• The course will include guest lectures.
  • Both assessments must be completed in order to pass this course
  • The Final Exam is open book and two hours long.

Learning Resources

A key resource is the Lawyers and Conveyancers Act (Lawyers: Conduct and Client Care) Rules 2008 (the Rules), also known as ‘The Red Book’.

Canvas will include links to a selection of cases and articles and key provisions from the Lawyers and Conveyancers Act 2006 and the Rules.


The leading New Zealand texts/commentaries are:
 Duncan Webb, Kathryn Dalziel and Kerry Cook Ethics, Professional Responsibility and the Lawyer (3rd ed, LexisNexis, Wellington, 2016)
 Richard Scragg The Ethical Lawyer: Legal Ethics and Professional Responsibility (Thomson Reuters, Wellington, 2018)
 Matthew S Palmer (ed) Professional Responsibility in New Zealand (LexisNexis, Wellington, 2019)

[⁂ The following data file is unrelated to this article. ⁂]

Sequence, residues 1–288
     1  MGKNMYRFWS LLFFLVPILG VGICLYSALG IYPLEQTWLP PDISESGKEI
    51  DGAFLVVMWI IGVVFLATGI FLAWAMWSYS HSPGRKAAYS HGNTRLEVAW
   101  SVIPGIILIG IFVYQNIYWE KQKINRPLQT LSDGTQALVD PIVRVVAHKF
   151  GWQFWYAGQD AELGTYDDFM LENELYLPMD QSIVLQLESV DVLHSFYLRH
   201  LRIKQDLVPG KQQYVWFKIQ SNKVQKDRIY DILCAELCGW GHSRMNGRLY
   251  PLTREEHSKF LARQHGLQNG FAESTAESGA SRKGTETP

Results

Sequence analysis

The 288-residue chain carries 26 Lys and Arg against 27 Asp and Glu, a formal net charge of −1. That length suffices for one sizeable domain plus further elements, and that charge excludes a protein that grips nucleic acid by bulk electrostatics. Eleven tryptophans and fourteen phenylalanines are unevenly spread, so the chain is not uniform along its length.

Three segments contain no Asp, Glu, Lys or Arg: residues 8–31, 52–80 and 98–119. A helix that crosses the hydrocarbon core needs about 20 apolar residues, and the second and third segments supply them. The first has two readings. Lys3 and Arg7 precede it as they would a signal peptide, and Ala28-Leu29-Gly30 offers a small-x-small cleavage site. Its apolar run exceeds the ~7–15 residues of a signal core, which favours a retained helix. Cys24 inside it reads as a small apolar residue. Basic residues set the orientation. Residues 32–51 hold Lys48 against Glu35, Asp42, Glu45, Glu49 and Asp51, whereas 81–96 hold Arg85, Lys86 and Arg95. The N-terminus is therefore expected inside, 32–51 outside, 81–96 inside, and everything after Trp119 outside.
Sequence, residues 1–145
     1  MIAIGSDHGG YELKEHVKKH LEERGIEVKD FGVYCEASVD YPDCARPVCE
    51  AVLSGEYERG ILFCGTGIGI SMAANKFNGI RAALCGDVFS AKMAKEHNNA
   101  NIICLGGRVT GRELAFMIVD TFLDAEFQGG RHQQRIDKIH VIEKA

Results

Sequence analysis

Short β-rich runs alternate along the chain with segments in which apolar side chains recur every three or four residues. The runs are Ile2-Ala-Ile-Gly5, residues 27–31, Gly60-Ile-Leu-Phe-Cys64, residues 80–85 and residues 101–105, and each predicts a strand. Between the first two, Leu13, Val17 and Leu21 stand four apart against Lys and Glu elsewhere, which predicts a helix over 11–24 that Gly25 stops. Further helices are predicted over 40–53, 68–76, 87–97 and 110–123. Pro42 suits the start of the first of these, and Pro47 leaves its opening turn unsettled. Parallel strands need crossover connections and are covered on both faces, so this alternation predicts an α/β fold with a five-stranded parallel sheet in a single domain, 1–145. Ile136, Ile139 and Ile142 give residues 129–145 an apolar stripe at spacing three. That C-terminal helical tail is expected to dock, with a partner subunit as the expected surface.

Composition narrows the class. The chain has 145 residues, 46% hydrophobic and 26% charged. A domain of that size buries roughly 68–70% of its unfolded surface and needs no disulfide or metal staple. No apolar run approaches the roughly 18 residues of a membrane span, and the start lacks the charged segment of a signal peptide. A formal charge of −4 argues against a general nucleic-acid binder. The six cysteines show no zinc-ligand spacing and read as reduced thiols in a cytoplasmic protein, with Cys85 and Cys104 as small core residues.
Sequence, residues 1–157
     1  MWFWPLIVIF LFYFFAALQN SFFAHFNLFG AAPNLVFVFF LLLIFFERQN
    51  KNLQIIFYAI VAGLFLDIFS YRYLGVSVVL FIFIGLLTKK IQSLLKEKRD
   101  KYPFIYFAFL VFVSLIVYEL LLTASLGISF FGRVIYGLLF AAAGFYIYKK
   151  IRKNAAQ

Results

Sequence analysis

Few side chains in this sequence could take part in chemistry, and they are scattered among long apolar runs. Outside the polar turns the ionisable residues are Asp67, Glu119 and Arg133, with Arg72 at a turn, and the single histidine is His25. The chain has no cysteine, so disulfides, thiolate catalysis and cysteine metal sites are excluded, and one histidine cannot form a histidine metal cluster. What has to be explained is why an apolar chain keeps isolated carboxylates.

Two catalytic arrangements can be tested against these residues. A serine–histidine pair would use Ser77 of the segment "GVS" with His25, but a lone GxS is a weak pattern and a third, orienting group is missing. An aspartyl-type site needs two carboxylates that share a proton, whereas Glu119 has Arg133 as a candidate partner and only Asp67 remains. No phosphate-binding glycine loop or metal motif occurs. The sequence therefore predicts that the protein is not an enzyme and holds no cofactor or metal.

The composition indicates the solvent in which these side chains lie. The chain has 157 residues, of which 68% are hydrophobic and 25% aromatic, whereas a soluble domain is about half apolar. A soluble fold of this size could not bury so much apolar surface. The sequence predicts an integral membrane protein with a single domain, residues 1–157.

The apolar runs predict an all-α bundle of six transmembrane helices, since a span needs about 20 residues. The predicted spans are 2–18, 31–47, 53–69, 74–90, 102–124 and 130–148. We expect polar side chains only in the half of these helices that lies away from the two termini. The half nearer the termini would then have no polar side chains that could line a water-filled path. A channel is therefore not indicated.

Australian texts:
 Gino Dal Pont Lawyers’ Professional Responsibility (6th ed, Thomson Reuters, Australia, 2016)
 Christine Parker & Adrian Evans Inside Lawyers’ Ethics (3rd ed, Cambridge University Press, 2018)


The website of the New Zealand Law Society ( contains valuable information on a number of topics including regulatory requirements, complaints and discipline information, practice resources (e.g., on professional development, the business of law, wellbeing, culture change) and Law Society services (law reform, mediation, Women in Law, Young Lawyers). It is worth spending some time exploring the website.

LawTalk, the NZLS magazine, available online at: contains interesting articles about current professional issues and summaries of disciplinary decisions.

Students and members of the public can sign up to NZLS’s weekly email publication, NZLS Weekly, which contains similarly useful but more regular information here:

On culture change in the legal profession, see here:
 From NZLS:
 Aotearoa Legal Workers’ Union:
 Culture Change Report:

Student Feedback

At the end of every semester students will be invited to give feedback on the course and teaching through a tool called SET or Qualtrics. The lecturers and course co-ordinators will consider all feedback and respond with summaries and actions.